Tyne Tunnel operators have sent a strongly-worded message to users attempting to dodge fines after taking successful court action against two drivers.
Two motorists who made dozens of journeys through the popular Tyneside tunnel without paying were prosecuted at Newcastle Magistrates Court last month. One had made 170 journeys without paying and was fined £150 and another, who didn't appear in court when charged, had made 94 trips and was fined £220 - on top of a victim surcharge and prosecution costs.
TT2 is using the cases as an example to warn off the "small proportion" of drivers who try to avoid paying the toll.
Philip Smith, CEO of TT2, said: “Serial toll evaders are a small proportion of motorists using the Tyne Tunnels. However, this small proportion who repeatedly refuse to pay the toll are a cost to other motorists and ultimately the public purse.
“They should be in no doubt that we will prosecute serial toll evaders, so we are able to continue providing and improving the service for the majority of tunnel users who pay for their journeys.”
The Tyne Tunnel charges a toll to cover costs for operation and maintenance as it is a private road that does not benefit from centrally funded maintenance.
The tunnel moved to a cashless system last year in a controversial switch that has boosted efficiency and lowered CO2 emissions but has caused widespread confusion for users.
Statistics show that now almost 97% of drivers pay their toll without issue and the number of Unpaid Toll Charge Notices (UTCNs) being issued as a percentage of journeys made in the month is down from 5.39% in November 2021 (the month of the cashless switch) to 3.26% in May 2022.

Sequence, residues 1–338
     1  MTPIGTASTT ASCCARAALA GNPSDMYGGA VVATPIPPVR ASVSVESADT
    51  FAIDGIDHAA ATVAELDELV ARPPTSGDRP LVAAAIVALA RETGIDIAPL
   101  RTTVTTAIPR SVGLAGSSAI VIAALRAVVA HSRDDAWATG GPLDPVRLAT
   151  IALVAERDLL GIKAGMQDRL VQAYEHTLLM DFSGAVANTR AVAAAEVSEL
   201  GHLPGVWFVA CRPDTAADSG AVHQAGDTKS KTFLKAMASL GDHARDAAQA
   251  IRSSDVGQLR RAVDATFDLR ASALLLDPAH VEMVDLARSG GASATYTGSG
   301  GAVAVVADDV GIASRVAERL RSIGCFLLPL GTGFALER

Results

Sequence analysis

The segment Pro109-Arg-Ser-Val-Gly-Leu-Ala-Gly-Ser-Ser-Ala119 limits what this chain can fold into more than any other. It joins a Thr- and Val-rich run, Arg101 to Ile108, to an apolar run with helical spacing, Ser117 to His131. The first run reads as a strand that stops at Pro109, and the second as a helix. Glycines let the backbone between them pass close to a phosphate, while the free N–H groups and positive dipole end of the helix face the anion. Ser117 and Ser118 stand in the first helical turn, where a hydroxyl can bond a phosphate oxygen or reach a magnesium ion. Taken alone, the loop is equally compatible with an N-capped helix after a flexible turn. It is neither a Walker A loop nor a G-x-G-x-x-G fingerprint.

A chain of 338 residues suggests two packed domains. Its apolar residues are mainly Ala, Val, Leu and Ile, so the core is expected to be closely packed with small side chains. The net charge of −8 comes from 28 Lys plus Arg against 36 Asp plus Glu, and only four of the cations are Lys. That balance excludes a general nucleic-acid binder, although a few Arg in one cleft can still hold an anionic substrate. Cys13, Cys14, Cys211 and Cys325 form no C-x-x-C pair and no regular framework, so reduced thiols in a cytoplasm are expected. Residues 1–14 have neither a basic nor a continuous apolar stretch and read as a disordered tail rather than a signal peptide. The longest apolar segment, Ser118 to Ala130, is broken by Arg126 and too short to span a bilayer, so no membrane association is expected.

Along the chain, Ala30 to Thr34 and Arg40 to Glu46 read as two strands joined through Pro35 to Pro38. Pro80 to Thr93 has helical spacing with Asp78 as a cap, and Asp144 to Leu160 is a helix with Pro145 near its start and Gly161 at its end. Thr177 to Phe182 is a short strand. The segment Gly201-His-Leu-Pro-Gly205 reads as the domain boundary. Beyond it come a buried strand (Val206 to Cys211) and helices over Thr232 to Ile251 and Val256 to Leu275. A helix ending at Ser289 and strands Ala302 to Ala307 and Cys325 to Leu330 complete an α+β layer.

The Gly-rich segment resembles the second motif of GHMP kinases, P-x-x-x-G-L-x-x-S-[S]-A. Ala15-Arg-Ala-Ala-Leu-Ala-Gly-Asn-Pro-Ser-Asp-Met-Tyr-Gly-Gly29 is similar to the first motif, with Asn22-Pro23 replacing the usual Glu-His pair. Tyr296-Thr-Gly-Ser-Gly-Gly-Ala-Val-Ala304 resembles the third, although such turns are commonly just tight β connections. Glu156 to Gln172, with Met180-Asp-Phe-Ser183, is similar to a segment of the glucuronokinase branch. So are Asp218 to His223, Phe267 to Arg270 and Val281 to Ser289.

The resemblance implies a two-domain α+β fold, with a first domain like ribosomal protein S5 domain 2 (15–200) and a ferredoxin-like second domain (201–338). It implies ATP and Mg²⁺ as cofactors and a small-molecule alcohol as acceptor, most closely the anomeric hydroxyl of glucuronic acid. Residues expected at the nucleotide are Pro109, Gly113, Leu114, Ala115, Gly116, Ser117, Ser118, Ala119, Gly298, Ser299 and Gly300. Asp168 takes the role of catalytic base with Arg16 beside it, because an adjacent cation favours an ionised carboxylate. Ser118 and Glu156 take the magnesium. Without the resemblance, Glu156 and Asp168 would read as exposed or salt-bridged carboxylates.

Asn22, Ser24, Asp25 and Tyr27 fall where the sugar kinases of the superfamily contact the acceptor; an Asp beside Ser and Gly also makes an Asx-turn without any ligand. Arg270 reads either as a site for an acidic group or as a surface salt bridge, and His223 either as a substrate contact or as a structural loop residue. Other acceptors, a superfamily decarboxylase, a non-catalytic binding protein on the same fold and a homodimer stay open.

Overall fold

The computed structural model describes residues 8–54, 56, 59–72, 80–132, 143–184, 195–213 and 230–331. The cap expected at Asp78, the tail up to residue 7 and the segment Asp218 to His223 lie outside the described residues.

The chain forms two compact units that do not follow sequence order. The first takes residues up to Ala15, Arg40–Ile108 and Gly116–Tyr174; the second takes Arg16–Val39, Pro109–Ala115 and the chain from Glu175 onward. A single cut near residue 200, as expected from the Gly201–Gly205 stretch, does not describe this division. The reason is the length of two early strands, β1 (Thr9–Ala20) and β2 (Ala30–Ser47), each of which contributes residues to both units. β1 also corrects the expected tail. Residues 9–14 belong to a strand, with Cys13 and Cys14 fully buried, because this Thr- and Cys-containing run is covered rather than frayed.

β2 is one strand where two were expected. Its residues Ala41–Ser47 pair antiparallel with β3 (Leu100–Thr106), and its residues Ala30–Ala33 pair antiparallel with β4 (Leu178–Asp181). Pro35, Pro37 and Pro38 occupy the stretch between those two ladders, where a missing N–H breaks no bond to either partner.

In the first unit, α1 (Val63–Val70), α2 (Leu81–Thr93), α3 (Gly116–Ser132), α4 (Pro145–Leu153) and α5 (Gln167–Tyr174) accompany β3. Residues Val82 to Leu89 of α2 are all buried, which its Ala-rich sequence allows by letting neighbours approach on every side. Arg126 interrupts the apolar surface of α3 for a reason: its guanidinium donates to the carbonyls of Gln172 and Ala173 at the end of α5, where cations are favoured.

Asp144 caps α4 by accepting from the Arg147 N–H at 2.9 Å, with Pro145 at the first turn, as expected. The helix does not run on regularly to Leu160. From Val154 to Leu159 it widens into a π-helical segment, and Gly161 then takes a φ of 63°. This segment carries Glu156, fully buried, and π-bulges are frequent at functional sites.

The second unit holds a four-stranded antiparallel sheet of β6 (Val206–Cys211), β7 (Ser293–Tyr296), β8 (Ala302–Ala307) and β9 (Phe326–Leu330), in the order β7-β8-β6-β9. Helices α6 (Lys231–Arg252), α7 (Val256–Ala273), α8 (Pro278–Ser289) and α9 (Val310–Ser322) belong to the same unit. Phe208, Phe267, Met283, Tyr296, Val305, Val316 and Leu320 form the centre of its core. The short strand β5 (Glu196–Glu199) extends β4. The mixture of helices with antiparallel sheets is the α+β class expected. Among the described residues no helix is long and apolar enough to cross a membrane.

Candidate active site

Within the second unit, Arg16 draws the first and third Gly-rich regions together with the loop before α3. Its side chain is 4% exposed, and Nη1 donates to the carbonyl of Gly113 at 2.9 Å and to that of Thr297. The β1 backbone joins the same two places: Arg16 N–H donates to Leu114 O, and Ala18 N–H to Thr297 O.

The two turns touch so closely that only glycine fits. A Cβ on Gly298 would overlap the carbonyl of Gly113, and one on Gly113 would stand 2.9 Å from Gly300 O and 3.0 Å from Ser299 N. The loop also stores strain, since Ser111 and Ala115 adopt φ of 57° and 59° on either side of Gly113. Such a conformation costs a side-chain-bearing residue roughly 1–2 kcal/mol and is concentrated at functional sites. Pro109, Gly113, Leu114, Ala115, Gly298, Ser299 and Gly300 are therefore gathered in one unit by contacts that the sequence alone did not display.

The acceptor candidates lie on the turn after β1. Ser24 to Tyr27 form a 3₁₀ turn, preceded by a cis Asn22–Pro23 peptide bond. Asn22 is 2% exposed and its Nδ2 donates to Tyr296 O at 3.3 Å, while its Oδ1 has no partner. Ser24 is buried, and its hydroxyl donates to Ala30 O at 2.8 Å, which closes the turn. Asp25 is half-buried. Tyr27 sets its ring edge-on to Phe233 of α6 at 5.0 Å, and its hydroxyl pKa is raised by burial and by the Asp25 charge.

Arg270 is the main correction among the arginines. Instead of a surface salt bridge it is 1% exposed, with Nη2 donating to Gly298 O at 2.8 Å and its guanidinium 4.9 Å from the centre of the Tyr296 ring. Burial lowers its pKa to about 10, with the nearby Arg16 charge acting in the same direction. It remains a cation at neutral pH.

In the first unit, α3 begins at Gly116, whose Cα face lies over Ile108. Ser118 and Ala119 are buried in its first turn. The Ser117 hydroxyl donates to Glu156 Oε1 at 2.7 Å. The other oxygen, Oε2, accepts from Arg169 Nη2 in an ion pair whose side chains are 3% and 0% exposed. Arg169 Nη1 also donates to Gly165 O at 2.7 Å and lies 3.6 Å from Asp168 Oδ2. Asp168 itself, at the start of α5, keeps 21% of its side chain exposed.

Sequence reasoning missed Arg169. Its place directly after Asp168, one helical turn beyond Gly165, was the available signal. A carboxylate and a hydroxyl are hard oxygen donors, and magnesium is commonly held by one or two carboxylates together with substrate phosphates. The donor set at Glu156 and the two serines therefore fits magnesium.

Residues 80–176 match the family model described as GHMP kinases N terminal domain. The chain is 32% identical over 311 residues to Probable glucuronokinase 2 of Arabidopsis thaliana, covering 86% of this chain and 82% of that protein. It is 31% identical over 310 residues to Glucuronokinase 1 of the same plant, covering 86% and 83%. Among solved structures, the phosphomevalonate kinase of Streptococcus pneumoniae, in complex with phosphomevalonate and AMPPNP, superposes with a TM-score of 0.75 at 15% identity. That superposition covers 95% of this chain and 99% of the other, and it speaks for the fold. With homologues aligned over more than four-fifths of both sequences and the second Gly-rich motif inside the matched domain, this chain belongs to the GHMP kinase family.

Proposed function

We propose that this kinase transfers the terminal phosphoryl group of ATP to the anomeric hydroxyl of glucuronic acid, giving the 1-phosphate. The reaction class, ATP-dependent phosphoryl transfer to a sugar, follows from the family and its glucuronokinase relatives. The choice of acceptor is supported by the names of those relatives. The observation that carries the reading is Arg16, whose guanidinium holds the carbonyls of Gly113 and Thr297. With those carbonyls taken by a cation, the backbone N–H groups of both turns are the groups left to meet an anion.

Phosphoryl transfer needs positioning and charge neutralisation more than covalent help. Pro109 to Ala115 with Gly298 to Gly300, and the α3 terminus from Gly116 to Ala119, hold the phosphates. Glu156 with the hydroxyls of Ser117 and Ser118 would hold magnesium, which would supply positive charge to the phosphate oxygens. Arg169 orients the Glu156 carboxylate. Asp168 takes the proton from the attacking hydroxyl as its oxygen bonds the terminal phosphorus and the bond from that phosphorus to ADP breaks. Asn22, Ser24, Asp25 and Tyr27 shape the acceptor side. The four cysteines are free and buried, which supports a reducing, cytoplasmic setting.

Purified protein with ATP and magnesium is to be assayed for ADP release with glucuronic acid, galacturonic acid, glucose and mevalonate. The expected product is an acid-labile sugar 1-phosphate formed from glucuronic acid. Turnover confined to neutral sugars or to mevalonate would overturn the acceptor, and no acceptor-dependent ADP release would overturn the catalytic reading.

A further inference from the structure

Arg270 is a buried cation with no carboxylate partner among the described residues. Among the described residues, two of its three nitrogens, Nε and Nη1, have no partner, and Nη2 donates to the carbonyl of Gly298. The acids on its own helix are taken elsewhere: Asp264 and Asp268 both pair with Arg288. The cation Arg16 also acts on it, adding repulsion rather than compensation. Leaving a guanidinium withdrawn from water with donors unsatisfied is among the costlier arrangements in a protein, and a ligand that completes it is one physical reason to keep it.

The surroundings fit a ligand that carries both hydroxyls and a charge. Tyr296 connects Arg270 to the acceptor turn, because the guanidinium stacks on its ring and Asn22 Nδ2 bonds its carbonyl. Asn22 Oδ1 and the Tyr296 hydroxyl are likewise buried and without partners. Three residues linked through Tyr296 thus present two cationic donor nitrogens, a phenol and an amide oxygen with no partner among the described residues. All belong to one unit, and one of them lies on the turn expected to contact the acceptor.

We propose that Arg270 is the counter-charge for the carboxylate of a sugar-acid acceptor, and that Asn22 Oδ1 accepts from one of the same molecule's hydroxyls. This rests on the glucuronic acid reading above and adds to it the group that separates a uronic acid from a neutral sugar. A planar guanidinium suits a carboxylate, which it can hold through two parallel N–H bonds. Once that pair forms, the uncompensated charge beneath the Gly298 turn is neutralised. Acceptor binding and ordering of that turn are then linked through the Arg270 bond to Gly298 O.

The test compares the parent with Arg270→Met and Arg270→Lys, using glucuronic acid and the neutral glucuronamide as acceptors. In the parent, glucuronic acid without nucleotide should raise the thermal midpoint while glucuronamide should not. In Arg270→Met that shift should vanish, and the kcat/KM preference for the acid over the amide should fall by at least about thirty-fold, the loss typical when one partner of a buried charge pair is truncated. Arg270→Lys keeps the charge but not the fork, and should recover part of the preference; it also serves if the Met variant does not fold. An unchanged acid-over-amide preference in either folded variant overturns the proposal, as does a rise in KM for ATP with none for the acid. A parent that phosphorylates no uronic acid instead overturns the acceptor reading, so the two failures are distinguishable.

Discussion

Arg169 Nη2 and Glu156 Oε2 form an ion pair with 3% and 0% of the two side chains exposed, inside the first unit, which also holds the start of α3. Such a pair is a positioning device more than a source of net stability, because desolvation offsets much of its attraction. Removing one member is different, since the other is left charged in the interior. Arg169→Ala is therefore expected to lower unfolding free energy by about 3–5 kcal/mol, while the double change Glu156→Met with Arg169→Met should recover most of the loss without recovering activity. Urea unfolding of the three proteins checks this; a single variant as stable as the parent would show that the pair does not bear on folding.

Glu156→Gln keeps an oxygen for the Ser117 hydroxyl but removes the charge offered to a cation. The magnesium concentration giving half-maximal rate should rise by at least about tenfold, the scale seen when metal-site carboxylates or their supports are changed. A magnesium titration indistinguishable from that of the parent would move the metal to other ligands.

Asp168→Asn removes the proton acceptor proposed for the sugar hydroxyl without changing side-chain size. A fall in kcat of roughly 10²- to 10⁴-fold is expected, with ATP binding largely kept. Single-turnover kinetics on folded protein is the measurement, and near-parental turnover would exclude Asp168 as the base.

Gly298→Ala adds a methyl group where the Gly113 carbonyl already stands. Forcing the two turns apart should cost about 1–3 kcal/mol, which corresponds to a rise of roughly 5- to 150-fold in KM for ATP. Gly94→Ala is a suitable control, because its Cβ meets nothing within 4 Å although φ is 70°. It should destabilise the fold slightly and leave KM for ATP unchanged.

Smith added: “The recent appraisal report conducted by Transport North East confirmed we have delivered faster, smoother journeys, less congestion, reduced emissions and better local air quality and they were the main reasons behind the decision to launch open-road-tolling.
“The increased levels of traffic through the tunnels since the move to open-road-tolling shows that most of our customers recognise we are delivering an improved travel experience. For any motorists that are still struggling to adjust to the changes, we continue to help where we can with ongoing campaigns, transitional rules and a customer service team that is available seven days a week. For the small group who simply resent paying, we will be tough on that group of offenders.”
When a UTCN is issued the motorist has 14 days to pay the £30 + the toll; it then becomes £60 + the toll when it reaches 15-28 days when you are also sent a reminder to pay.
If no payment is made by 28 days, the fine rises to £100 + the toll and is then sent to a third-party debt collector. You can then appeal, and the case is frozen until you receive a response.